Connew PC1 history
The story of Connew is one of an extraordinary project by F1 draughtsman Peter Connew and a small ground of friends to build a F1 car in a lock-up garage. Against all the odds, François Migault raced their car in the 1972 Austrian Grand Prix.
Peter Connew worked for the Surtees F1 team as a draughtsman, and was instrumental in turning John Surtees' ideas into the F1 Surtees TS7. From the moment he saw the team's first F1 car, a second-hand McLaren M7C, Connew wanted to build his own F1 car, and later that year started on the drawings of what would become the Connew PC1. The car was a straightforward yet highly competent design incorporating an open 'bathtub' monocoque with inboard suspension actuated by fabricated rocker arms at the front and a variable rate lever system at the back, which proved to be the car's Achilles' heel. The main radiator was mounted in the nose, with the intake on the underside. The first monocoque was built from 18 gauge L72 aluminium, but due to a rule change, the team had to build a second monocoque for 1972 using 16 gauge NS4 aluminium, so the car that raced was actually chassis 002. With no sponsor, Connew and his small band of helpers, led by Roger Doran, and Connew's cousin Barry Boor, had to reduce expense to the absolute minimum, and Connew estimates he got the car to the grid at its first race for an outlay of just £8,000. François Migault joined the project, bringing £3,000 sponsorship which allowed the team to put down a deposit on a Cosworth DFV engine and to buy a Hewland DG300 gearbox.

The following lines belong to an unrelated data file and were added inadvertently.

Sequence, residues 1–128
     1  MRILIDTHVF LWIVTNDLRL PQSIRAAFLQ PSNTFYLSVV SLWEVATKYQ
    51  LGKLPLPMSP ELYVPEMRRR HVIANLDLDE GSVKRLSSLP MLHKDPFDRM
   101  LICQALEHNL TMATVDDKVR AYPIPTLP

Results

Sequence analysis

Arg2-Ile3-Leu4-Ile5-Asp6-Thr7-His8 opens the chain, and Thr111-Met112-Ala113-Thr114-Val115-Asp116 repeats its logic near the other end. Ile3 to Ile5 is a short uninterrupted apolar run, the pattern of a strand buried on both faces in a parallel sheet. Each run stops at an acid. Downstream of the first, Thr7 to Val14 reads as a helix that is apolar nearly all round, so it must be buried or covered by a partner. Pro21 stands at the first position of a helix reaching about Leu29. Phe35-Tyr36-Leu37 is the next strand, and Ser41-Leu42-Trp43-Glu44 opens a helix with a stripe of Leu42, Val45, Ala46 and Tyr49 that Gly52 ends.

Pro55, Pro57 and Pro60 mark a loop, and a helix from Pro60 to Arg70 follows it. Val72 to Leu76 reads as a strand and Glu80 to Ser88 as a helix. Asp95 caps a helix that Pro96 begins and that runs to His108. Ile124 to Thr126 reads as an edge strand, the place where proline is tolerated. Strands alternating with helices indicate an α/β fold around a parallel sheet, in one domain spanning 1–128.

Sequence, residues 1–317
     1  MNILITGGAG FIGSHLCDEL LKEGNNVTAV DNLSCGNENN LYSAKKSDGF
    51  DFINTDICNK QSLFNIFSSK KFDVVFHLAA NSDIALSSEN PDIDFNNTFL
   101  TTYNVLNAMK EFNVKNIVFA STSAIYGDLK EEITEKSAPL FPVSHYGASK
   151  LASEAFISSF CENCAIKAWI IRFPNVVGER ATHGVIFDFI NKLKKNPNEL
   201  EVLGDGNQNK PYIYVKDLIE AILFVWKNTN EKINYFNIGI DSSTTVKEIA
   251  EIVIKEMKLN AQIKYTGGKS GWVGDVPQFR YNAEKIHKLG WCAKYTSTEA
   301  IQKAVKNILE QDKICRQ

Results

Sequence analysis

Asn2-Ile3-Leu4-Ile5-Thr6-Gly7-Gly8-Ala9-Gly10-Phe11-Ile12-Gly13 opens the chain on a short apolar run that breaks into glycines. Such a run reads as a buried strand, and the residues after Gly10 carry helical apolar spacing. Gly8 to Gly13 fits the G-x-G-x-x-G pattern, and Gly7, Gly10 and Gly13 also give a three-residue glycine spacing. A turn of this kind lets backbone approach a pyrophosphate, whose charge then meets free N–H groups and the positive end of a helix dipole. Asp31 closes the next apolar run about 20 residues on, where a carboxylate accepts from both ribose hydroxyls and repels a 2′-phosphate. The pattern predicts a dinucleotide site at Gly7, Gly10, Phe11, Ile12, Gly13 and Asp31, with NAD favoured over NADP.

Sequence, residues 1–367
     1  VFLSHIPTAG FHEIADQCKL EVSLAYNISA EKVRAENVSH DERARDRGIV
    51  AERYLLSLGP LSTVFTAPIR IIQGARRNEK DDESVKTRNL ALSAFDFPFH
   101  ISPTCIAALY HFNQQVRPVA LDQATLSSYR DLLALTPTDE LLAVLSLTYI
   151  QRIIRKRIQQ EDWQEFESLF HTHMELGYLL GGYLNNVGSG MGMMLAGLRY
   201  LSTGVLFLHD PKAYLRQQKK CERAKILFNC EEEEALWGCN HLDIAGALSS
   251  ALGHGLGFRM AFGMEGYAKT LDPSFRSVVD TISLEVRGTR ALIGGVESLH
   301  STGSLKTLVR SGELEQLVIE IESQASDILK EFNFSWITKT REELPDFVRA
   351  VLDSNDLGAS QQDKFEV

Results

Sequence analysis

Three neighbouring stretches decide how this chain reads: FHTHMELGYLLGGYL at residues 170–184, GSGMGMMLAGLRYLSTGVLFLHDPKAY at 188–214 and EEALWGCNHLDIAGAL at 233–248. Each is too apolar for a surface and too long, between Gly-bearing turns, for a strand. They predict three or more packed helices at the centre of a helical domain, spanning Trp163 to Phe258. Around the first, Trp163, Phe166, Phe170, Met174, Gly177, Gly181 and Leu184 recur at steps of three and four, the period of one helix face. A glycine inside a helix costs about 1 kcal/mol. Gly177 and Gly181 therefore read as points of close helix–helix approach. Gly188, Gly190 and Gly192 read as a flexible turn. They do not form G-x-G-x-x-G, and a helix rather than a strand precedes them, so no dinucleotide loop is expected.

Migault ran the car in practice at the 1972 British Grand Prix, but a cracked suspension upright stopped him starting the race. After being denied an entry in Germany, the team made its first start at the Austrian GP, where Connew qualified last but had moved up four places before a rear suspension failure put him out of the race. David Purley then hired the car for a Brands Hatch non-championship race at the end of the season, but again failed to start due to an electrical problem. In 1973, the car was converted to Formula 5000 but driver Pierre Soukry was unable to start a race. Tony Trimmer raced it once at the end of the season, but retired with another suspension problem.
(13 Aug 1972)
The car and its unused spare tub were then stored and remained in Peter Connew's possession through various house moves. In 2014, Barry Boor succeeded in urging Connew to restore 002, and the pair had the car complete in time for the Goodwood Festival of Speed, having been loaned a blown Cosworth DFV engine by Doug Nye, and a Hewland DG300 by Hall & Hall. After further restoration, the car appeared at Race Retro in February 2018. The car is still some way from running condition, with both Peter and Barry expressing concerns about running a car that only has one nose and few other spares. However, plans are being floated to reform the original supporters' club and crowd-fund a project have the car run at Goodwood.
Please contact Allen Brown (firstname.lastname@example.org) if you can add anything to our understanding of these cars. A longer story about the Connew project appeared in Motor Sport August 1986 pp832-835, written by Mike Lawrence, and is highly recommended.
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